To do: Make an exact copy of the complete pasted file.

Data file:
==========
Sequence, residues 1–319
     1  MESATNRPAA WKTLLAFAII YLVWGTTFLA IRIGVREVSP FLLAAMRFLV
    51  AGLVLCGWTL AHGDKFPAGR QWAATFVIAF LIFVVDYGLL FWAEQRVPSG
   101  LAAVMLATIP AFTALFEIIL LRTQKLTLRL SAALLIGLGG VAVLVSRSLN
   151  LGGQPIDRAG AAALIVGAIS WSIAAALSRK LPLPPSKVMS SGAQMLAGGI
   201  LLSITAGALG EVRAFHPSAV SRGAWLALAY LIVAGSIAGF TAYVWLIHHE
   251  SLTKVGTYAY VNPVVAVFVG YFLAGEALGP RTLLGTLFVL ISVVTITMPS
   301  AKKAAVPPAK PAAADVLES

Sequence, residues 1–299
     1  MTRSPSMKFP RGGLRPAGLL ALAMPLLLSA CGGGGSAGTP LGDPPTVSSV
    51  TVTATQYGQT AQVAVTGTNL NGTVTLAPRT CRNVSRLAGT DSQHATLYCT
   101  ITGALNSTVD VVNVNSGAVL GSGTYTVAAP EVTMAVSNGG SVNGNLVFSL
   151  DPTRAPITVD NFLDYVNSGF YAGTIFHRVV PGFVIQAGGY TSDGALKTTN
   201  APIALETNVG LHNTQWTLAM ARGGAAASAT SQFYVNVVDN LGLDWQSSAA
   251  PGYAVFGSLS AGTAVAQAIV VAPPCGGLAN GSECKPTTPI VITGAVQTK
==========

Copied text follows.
Sequence, residues 1–319
     1  MESATNRPAA WKTLLAFAII YLVWGTTFLA IRIGVREVSP FLLAAMRFLV
    51  AGLVLCGWTL AHGDKFPAGR QWAATFVIAF LIFVVDYGLL FWAEQRVPSG
   101  LAAVMLATIP AFTALFEIIL LRTQKLTLRL SAALLIGLGG VAVLVSRSLN
   151  LGGQPIDRAG AAALIVGAIS WSIAAALSRK LPLPPSKVMS SGAQMLAGGI
   201  LLSITAGALG EVRAFHPSAV SRGAWLALAY LIVAGSIAGF TAYVWLIHHE
   251  SLTKVGTYAY VNPVVAVFVG YFLAGEALGP RTLLGTLFVL ISVVTITMPS
   301  AKKAAVPPAK PAAADVLES

Sequence, residues 1–299
     1  MTRSPSMKFP RGGLRPAGLL ALAMPLLLSA CGGGGSAGTP LGDPPTVSSV
    51  TVTATQYGQT AQVAVTGTNL NGTVTLAPRT CRNVSRLAGT DSQHATLYCT
   101  ITGALNSTVD VVNVNSGAVL GSGTYTVAAP EVTMAVSNGG SVNGNLVFSL
   151  DPTRAPITVD NFLDYVNSGF YAGTIFHRVV PGFVIQAGGY TSDGALKTTN
   201  APIALETNVG LHNTQWTLAM ARGGAAASAT SQFYVNVVDN LGLDWQSSAA
   251  PGYAVFGSLS AGTAVAQAIV VAPPCGGLAN GSECKPTTPI VITGAVQTK